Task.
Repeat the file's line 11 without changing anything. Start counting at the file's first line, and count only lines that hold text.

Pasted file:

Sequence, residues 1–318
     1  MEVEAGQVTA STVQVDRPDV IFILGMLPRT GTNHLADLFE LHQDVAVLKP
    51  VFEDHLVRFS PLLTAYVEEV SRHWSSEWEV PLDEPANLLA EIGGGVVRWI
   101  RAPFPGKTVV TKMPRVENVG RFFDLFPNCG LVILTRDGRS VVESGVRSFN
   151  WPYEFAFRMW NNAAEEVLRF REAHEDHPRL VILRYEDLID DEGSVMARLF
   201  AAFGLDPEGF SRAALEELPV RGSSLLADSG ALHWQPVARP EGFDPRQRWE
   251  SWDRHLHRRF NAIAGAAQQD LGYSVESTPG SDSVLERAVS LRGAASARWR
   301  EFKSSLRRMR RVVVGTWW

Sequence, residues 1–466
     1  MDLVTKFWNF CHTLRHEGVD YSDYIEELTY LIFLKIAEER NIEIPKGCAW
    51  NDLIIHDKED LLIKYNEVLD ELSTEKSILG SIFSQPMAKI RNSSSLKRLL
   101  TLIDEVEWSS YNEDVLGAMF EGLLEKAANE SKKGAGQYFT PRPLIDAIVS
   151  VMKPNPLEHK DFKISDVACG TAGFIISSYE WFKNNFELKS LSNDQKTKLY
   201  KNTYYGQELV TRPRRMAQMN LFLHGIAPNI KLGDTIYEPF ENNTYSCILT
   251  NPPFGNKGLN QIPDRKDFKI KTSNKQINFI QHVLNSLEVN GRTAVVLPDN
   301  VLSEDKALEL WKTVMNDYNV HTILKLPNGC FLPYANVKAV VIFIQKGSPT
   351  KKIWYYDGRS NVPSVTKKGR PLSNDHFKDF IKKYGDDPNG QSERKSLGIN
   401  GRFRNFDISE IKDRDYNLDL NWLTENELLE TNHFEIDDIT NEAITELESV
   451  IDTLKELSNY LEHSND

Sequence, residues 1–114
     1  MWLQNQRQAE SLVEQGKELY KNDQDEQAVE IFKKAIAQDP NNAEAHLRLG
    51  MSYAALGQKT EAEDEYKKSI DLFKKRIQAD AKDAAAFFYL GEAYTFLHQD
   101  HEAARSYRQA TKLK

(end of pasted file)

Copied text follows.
    51  NDLIIHDKED LLIKYNEVLD ELSTEKSILG SIFSQPMAKI RNSSSLKRLL